It happened at a Halloween party at Yale University in 2015. It was the first time she ever got drunk. She lost her friends and wound up with Saifullah Khan, a fellow student and acquaintance. He took her back to her dorm room where she threw up multiple times. She woke up the next day naked with bruises on her legs. Used condoms were on the floor. Khan was next to her in bed.
The young woman immediately reported the incident to Yale's sexual harassment and assault resource center, which in turn called the police. Khan was suspended from Yale and local law enforcement charged him with sexual assault. Unlike most campus sexual assault cases, this one was actually tried in court. It seemed like the system was finally working. Until Kahn was found not guilty.
The young woman had never consented to sex with Saifullah Khan. In fact, she was so intoxicated that she was physically unable to consent. But that didn't matter to the attorney who defended Khan during the trial. According to him, because she flirted with Khan in the days leading up to the assault and wore a cat suit instead of a Cinderella ball gown to the Halloween party, she obviously wanted to have sex with Kahn.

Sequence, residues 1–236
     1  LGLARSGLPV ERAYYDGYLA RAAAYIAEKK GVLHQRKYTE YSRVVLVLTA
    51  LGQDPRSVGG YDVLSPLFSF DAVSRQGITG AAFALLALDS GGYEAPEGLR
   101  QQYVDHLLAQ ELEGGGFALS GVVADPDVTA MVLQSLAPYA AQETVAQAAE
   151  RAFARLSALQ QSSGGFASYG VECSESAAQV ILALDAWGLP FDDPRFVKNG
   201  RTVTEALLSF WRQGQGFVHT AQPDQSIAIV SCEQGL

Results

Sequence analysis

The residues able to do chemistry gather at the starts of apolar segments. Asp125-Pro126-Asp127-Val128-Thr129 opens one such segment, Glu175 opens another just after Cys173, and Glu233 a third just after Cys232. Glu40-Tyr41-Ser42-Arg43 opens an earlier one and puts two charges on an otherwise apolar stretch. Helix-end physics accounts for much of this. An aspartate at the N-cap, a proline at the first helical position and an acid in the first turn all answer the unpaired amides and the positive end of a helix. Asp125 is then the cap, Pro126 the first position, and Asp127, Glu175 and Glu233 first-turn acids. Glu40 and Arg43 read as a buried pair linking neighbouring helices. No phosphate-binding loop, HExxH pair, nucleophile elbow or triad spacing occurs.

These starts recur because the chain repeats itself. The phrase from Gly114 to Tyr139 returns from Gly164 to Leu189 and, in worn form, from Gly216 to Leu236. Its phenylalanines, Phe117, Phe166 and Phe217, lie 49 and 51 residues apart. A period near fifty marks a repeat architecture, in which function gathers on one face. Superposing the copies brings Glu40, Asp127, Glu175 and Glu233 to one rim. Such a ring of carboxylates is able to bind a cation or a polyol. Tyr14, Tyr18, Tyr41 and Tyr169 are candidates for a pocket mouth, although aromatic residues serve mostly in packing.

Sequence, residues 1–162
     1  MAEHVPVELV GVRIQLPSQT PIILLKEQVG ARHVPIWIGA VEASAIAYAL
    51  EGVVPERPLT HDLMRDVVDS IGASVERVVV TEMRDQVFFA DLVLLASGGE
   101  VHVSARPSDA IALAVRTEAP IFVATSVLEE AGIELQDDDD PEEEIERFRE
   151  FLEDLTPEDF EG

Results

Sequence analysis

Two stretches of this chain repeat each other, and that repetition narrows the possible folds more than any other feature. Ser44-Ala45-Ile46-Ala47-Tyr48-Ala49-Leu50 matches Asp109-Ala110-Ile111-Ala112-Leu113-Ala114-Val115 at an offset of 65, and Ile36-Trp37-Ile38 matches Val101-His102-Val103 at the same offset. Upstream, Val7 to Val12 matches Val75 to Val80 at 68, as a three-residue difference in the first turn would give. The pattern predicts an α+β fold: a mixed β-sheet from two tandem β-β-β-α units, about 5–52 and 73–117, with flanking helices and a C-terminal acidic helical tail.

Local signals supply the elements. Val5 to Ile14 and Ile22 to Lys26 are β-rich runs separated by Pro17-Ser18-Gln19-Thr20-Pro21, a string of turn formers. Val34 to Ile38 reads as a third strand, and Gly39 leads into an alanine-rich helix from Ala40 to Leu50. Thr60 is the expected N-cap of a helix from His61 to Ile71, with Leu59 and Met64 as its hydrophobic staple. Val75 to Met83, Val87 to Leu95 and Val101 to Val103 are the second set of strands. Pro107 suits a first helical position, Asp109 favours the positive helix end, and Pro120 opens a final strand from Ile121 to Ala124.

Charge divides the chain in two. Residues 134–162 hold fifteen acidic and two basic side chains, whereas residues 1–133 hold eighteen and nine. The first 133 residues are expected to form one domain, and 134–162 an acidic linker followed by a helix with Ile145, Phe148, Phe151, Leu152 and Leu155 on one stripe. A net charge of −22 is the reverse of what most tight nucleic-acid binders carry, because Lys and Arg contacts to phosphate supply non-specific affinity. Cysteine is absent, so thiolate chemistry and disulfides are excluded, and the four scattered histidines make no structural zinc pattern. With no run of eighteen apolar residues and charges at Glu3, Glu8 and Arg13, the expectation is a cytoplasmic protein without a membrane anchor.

The trial was every sexual assault survivor's worst nightmare. Instead of putting the alleged rapist on trial, the defense attorney blamed the victim. He convinced the jury that she was a drunken floozy who was asking for it, and that is why her account of the rape couldn't be believed beyond a shadow of a doubt. That is why Khan was found 'not guilty.' And that is why the defense attorney is now calling for Khan to be readmitted to Yale.
But under President Obama's Title IX guidance to universities, a "preponderance of evidence" is all that is needed to determine responsibility for a campus sexual assault. This means that if there is convincing or probable evidence that a sexual assault happened, a university should punish the attacker accordingly.
Unfortunately, Education Secretary Betsy DeVos overturned Obama's decision, once again making it easier for sexual predators to get away with rape on campus. Now it is up to individual universities and colleges to decide how they want to respond to campus sexual assault.
Sign this petition to demand that Yale University continue to follow the guidelines laid out by the Obama administration, and continue to uphold Saifullah Khan's suspension.